11 December, 2000
FYI answer for 12/10/00
McMurdo is not only the biggest U.S. research station in Antarctica, it is also the biggest city on the continent. It was originally named Naval Air Facility McMurdo. It was renamed McMurdo Station in 1961.
I had a sense of anticipation all day today. I knew that we were going to complete our last census at Turks Head for Katsu's work. He and I took our snowmobiles to Turks Head and, as we conducted the census, Katsu would take pictures of all the animals that he had left with epoxy on their backs from attaching the instruments. The epoxy will be falling off the adult animals as they molt (lose their fur) later this season. I had to cross the ice crack one more time at Turks Head. It had been only three days before that I was there, but the crack looked like it had doubled in width. I used my bamboo pole and pole vaulted across, but I came up a bit short on the way back. It wasn't a full fall this time. I did get a nice boot full of water and wet working pants though. We also found two female adults and one male adult that had died sometime within the last two days. The females were in the water of ice cracks and the male was in a puddle of shallow water near an ice crack. Katsu was able to get close to the first female to get her tag numbers so that she can be recorded as deceased in the data bank. The second female was arched in the ice crack so I sat on the ledge and used my legs to push her upper body down so the tail section came up. The male was in the shallow pool enough that we were able to see the tags.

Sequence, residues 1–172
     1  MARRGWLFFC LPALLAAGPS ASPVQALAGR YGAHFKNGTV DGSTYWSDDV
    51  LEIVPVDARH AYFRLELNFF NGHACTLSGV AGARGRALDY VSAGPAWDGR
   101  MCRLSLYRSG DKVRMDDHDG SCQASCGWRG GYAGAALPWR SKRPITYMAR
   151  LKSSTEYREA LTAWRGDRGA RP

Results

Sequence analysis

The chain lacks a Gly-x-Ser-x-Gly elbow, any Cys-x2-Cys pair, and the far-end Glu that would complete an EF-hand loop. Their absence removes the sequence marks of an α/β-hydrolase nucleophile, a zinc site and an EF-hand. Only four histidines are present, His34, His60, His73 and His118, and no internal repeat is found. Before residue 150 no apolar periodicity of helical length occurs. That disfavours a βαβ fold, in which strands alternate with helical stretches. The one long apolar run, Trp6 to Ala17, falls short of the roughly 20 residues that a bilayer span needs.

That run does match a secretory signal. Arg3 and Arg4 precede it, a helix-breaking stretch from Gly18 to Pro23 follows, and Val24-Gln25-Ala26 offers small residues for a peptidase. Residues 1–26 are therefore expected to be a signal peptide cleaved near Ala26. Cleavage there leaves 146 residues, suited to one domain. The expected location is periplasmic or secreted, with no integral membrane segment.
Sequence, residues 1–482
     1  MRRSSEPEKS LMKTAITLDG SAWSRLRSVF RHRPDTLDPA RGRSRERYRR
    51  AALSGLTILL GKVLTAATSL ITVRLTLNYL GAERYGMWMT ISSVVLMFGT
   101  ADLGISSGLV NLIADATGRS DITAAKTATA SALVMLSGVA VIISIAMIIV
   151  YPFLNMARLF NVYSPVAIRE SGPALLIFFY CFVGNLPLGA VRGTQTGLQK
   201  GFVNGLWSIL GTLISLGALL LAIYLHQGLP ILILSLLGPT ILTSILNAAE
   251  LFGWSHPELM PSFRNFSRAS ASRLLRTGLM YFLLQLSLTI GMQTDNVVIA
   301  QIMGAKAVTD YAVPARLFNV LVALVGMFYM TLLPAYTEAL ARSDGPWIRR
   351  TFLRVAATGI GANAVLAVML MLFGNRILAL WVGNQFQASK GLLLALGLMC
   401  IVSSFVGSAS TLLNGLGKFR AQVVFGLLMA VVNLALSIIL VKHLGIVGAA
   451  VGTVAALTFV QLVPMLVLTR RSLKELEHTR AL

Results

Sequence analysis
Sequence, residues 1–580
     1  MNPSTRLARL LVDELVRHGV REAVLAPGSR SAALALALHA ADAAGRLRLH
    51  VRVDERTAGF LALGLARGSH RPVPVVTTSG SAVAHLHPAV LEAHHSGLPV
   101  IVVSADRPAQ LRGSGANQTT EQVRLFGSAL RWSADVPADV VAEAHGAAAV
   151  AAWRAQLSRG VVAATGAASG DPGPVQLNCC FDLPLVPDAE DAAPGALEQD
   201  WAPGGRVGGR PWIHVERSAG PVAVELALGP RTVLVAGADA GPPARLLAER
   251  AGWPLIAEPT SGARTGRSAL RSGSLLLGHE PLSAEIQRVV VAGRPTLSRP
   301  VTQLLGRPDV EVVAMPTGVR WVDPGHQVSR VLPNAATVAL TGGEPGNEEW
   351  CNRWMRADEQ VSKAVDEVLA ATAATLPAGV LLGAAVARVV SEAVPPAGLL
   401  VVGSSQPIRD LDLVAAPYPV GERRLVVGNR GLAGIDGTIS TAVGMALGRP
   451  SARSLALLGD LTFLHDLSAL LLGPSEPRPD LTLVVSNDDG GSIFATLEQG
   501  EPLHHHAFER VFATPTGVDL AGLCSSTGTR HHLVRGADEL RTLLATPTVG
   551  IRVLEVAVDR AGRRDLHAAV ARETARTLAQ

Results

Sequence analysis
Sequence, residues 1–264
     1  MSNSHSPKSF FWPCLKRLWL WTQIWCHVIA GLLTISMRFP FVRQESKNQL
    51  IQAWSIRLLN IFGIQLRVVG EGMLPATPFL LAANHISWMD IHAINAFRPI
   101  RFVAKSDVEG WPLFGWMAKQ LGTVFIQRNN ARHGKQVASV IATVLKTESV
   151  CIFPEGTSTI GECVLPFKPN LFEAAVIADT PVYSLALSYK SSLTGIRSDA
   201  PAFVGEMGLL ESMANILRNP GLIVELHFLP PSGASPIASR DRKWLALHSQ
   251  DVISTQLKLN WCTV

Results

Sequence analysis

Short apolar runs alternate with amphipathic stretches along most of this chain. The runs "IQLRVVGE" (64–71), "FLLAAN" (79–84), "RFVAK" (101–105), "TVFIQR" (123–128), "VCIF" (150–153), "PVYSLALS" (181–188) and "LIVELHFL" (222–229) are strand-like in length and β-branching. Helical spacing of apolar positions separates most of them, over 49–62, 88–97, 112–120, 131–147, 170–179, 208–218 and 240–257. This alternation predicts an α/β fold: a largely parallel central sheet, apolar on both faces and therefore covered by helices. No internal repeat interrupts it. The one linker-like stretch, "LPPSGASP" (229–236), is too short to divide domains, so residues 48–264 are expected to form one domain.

When we returned to Big Razorback, everyone else was involved in drilling ice holes to measure depths. Katsu wanted a total of twelve holes added onto lines that we had done on those snowy days we had back a week or so ago. Our old fashion rope drop was really fallng apart. We were on a line of drill holes, the depths of which were well over 300 meters. It was taking about 10 minutes to wait for the line to drop and 30 minutes to wrap it back on the spool. Four people were drilling the holes and four of us were measuring. Since this was getting pretty bothersome and taking so much time, we came up with a few options to get the rope up and wrapped faster. Yes, we had four scientists creating right there on the ice at each hole that was getting more and more annoying to measure. Our solution was pretty high-tech. I would grab the rope spool holder and sit on the back of the snowmobile while someone drove it. I hung onto the rope as we drove straight from the hole to the next. I got off and the snowmobile would go back and grab the next section of rope, meanwhile I would start winding it on the spool, but there was no tension. We finally had a 30 to 45 minute process down to 10 minutes. That was high tech science!
At 11 p.m. it was time to go back to work Katsu found the last female that had instruments that we needed to detach. She had been missing for three days. In fact, we drove around Tent and Inexcessable Island looking to see if she had changed locations. We found her right here at Big Razorback. It was a fairly easy task. Katsu and I did it on our own. She was covered in seal poop, however, so it was very smelly and I didn't want to get to messy before going to bed. I definitely found myself thinking about how science has its ups and downs.
The coldest _______________ ever recorded was -128.5 degrees F.
The winds can gust nearly 200 ________ ______ ________on the coast.
The temperature once dropped 65 degrees F in 12____________.
The average continent ________________ is less than 2 inches per year.
The ____________ temperature ever recorded was 59 degrees F.
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